Erm. My father has done well through AA, so I have my own feelings about AA and sobriety. Reading this book made me cry when it made me identify with my father's own struggles, which I was mostly too young to actually be part of but have always had some leftover guilt for not being more involved in. Unfortunately, the final message of the book, especially given Frey's factual challenges, made me mostly angry at the author for choosing to write a "memoir" that essentially tells other addicts that AA is for the weak and ignorant, and the only way to get through addiction is to break your way through mentally. That's fine and well, but it, like AA, doesn't work for everyone, and his dismissal of AA while simultaneously telling us about how fantastically strong he was to make it through when so many others failed mostly just made me want to punch him.
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Product Details

ISBN:
9781400031085
Author:
Frey, James
Publisher:
Random House
Subject:
General
Subject:
Substance Abuse & Addictions - General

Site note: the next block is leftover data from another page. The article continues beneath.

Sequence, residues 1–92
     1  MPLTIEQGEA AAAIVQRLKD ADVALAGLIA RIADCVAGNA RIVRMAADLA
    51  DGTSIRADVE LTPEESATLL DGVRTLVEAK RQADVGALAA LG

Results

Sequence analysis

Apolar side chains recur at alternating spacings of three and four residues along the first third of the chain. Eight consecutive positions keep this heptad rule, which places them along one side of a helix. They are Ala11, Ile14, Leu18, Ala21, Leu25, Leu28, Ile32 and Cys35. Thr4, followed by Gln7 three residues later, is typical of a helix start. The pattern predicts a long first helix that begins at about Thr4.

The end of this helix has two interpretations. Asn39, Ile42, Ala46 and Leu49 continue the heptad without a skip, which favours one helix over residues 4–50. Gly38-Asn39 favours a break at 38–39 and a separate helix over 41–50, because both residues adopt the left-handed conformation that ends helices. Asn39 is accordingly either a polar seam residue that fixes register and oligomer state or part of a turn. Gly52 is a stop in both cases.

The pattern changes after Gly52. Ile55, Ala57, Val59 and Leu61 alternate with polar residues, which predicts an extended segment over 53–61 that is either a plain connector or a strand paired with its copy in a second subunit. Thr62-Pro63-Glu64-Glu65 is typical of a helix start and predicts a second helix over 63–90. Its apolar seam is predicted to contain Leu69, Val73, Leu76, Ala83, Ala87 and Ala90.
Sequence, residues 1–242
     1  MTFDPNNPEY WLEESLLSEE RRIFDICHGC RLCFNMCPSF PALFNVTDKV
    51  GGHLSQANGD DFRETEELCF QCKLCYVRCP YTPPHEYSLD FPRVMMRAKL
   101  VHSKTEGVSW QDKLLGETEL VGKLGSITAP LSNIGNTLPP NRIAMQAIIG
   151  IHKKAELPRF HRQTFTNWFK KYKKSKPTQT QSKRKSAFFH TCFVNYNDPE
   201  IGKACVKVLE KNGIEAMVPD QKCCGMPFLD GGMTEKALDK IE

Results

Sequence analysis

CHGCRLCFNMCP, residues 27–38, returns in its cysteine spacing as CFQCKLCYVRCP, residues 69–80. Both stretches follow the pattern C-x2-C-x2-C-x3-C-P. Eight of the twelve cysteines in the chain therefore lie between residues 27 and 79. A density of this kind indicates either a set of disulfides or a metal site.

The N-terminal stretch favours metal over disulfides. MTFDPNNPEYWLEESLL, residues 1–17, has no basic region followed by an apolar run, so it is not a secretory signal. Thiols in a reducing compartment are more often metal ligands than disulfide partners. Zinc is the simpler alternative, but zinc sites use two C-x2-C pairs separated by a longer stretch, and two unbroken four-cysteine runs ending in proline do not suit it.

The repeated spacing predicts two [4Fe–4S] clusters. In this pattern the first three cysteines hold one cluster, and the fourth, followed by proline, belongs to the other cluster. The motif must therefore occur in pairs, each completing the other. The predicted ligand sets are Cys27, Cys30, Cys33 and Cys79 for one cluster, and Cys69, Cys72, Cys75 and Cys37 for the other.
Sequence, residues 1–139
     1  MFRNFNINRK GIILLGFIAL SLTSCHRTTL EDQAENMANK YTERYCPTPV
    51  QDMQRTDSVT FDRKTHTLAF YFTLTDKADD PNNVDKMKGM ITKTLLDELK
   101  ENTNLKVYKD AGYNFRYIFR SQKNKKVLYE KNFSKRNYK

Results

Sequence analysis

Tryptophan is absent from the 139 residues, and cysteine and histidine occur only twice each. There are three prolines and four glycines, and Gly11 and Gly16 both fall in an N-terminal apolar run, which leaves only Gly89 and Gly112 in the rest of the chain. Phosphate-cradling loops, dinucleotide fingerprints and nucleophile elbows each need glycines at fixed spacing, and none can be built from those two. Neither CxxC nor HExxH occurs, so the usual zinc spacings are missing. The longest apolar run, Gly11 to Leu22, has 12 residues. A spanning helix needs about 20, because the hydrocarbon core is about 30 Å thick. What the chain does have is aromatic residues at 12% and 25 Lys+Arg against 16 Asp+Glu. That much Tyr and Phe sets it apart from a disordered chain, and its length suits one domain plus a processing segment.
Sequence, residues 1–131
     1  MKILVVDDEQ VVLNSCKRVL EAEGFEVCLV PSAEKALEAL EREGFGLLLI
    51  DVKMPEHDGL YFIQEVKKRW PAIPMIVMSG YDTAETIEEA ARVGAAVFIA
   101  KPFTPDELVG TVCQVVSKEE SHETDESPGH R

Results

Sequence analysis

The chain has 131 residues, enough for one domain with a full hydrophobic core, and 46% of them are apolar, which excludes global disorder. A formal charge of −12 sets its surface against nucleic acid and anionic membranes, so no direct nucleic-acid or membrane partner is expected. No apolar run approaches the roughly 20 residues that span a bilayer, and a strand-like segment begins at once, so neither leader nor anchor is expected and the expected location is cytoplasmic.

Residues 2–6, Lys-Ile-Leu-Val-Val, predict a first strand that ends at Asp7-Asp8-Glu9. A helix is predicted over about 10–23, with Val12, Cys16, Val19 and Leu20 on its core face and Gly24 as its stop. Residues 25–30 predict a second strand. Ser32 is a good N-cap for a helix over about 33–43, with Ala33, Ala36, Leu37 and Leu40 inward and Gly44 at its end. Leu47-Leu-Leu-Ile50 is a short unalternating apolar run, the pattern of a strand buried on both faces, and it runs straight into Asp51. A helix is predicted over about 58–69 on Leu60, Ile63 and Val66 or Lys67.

Subject:
Personal Memoirs
Subject:
Specific Groups - General
Publication Date:
May 2004
Binding:
Paperback
Language:
English
Pages:
448
Dimensions:
8.02x5.16x.95 in. .70 lbs.

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Related Subjects

Biography » General
Fiction and Poetry » Literature » A to Z
Health and Self-Help » Recovery and Addiction » Drug and Alcohol Addiction
Health and Self-Help » Recovery and Addiction » General
Health and Self-Help » Recovery and Addiction » Personal Stories

A Million Little Pieces Used Trade Paper
0 stars - 0 reviews
$5.95 In Stock
Product details 448 pages Anchor Books/Doubleday - English 9781400031085 Reviews:
"Review" by , "James Frey has written the War and Peace of addiction. It lends new meaning to the word 'harrowing' and one sometimes shudders to read it. But deep down, beneath all the layers and the masks, there lives something unconquerable in Frey's hurt spirit...And the writing, the writing, the writing."
"Review" by , "From the get-go, [Frey's] book sets itself a part, its narrative unspooling in short, unindented paragraphs and barely punctuated sentences whose spare, deadpan language belies the horror of what he';s describing — a meltdown dispatched in telegrams."